AbstractBackground. Silver compounds are commonly used in wound dressings to control bacterial growth. Although sporadic cases of reduced silver susceptibility have been described, the routes of adaptation, particularly in sessile growth modes are not well understood. Methods. An agar-based diffusion system was used to expose wound isolates to sub-inhibitory concentrations of ionic silver over ten passages (P10) and again following ten additional passages in silver-free media (X10). Test bacteria were as follows: Staphylococcus aureus, Methicillin-resistant Staphylococcus aureus, Staphylococcus epidermidis, Streptococcus pyogenes, Pseudomonas aeruginosa, Escherichia coli and Bacteroides fragilis. Susceptibility to silver and antibiotics in planktonic and biofilm growth modes was assessed using standard methods. In addition, bacterial growth kinetics, biofilm formation ability and Galleria mellonella pathogenesis assay were determined following silver exposure. Passaged isolates exhibiting greater than 5-fold change in sensitivity to ionic silver when compared to parent strains were further characterised using molecular methods and subjected to biofilm imaging using laser scanning confocal microscope (LSCM). P. aeruginosa grown in sessile form was passaged through sub-inhibitory concentrations of cationic silver using an MBEC assayTM and changes in colony morphology and silver susceptibility assessed. In addition, whole genome sequencing was performed to detect mutations in all biofilm-derived variants. Results. Gram-positive bacteria exhibited a 4-fold decrease in susceptibility to ionic silver following passaging (P10). One strain of S. aureus showed non pigmented colonies, impaired haemolysin and DNase activities following silver exposure and exhibited reduced virulence in a Galleria assay. A reduction in haemolysis was also shown in an MRSA P10 bacterium. In contrast, S. epidermidis showed increased virulence and haemolysis activity compared to the respective parent strain. Adaptations in Gram-negative wound isolates were limited to one strain of P. aeruginosa (P10), which underwent a 768-fold reduction in silver susceptibility when grown in sessile form and exhibited a highly mucoid phenotype, and increased virulence in vivo. In addition, silver-adapted mutants of this bacterium formed thicker biofilm with a complex eDNA structure that was dispersed following DNase treatment. When passaged in sessile form, biofilms developed a similar pattern of silver insusceptibility and biofilm specific variants were identified. Genome analysis of these variants identified point mutations within the sulfonate ABC transporter substrate-binding protein, transcriptional regulator and another within a nuclease coding gene. These mutations could play an important role in the virulence and biofilm formation ability of silver treated P. aeruginosa biofilms. In the absence of silver exposure, full or partial reversion to baseline susceptibilities was observed in all bacteria. Conclusion. Together, these data suggest that repeated exposure of wound isolates to silver was associated with transient reductions in silver susceptibility, changes in virulence and biofilm susceptibility. Interestingly, significantly reduced susceptibility to silver in adapted P. aeruginosa was occurred only when grown only as biofilm. This contributes to our knowledge of the role of biofilms in biocide tolerance because the majority of previous studies focus on planktonic cultures.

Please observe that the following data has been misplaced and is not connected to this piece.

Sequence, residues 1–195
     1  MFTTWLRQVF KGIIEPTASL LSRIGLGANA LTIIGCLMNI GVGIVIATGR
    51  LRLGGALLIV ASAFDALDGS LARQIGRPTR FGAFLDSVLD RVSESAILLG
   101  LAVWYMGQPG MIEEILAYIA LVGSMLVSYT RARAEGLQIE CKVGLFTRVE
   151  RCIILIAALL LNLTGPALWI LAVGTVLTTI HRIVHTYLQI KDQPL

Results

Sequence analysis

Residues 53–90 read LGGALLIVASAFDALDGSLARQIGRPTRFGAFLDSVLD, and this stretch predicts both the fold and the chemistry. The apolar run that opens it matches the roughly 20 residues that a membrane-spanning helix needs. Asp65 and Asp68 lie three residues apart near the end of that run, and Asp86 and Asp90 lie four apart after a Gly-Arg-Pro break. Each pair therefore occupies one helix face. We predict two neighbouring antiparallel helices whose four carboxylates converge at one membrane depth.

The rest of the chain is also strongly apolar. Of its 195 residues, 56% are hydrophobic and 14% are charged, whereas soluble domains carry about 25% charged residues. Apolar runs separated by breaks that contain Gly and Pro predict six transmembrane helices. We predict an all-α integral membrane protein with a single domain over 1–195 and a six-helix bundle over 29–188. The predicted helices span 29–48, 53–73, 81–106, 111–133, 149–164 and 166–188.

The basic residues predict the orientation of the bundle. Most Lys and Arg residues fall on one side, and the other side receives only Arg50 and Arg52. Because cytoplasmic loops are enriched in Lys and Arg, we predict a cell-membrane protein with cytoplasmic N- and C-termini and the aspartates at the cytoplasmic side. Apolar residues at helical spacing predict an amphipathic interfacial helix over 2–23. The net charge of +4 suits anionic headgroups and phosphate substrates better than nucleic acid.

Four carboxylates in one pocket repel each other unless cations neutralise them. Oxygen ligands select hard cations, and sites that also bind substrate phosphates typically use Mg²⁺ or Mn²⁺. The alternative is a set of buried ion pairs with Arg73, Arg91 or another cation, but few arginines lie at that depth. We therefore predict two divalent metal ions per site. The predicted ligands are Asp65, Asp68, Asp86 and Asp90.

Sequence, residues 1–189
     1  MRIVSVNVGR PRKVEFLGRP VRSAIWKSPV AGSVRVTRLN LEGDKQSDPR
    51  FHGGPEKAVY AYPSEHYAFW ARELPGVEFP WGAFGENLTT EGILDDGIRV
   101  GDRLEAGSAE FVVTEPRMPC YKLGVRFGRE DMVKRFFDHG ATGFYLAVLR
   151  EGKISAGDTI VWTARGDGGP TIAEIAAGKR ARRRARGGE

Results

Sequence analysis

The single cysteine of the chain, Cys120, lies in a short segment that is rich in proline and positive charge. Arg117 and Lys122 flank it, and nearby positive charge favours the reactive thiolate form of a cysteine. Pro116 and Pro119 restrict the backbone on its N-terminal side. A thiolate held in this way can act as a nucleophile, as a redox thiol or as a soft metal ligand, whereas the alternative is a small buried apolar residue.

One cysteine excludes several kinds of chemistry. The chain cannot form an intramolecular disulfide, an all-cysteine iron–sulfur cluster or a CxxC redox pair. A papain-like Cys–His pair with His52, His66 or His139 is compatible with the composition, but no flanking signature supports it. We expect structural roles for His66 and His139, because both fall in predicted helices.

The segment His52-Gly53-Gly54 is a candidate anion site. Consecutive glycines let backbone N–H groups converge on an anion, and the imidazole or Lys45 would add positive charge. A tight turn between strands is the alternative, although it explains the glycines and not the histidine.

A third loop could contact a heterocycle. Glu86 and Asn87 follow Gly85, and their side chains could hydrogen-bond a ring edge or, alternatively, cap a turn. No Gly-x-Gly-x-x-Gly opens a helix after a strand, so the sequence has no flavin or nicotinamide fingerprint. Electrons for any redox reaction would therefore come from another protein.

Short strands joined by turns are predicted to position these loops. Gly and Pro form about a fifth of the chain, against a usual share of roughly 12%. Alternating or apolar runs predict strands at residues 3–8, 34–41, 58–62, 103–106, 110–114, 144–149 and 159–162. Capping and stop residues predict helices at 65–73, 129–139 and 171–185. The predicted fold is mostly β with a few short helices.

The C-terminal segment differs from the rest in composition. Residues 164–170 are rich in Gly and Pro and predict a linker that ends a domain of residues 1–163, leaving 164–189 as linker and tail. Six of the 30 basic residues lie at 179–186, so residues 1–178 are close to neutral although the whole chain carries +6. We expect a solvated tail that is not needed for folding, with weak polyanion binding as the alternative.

|Date of Award
|1 Aug 2019
|Andrew Mcbain (Supervisor) & Gavin Humphreys (Supervisor)
- Chronic wound
- Ionic silver